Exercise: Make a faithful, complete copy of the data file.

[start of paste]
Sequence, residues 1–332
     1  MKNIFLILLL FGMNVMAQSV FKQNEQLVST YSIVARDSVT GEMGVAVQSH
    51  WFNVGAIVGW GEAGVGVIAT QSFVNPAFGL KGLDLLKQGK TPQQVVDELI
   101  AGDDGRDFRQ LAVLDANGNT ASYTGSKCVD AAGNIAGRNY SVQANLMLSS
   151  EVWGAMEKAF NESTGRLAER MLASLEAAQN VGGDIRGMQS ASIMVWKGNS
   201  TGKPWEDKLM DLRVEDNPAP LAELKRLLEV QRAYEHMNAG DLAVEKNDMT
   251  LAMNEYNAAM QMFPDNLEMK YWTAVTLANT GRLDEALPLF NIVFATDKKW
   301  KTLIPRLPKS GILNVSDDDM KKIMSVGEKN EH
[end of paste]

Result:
Sequence, residues 1–332
     1  MKNIFLILLL FGMNVMAQSV FKQNEQLVST YSIVARDSVT GEMGVAVQSH
    51  WFNVGAIVGW GEAGVGVIAT QSFVNPAFGL KGLDLLKQGK TPQQVVDELI
   101  AGDDGRDFRQ LAVLDANGNT ASYTGSKCVD AAGNIAGRNY SVQANLMLSS
   151  EVWGAMEKAF NESTGRLAER MLASLEAAQN VGGDIRGMQS ASIMVWKGNS
   201  TGKPWEDKLM DLRVEDNPAP LAELKRLLEV QRAYEHMNAG DLAVEKNDMT
   251  LAMNEYNAAM QMFPDNLEMK YWTAVTLANT GRLDEALPLF NIVFATDKKW
   301  KTLIPRLPKS GILNVSDDDM KKIMSVGEKN EH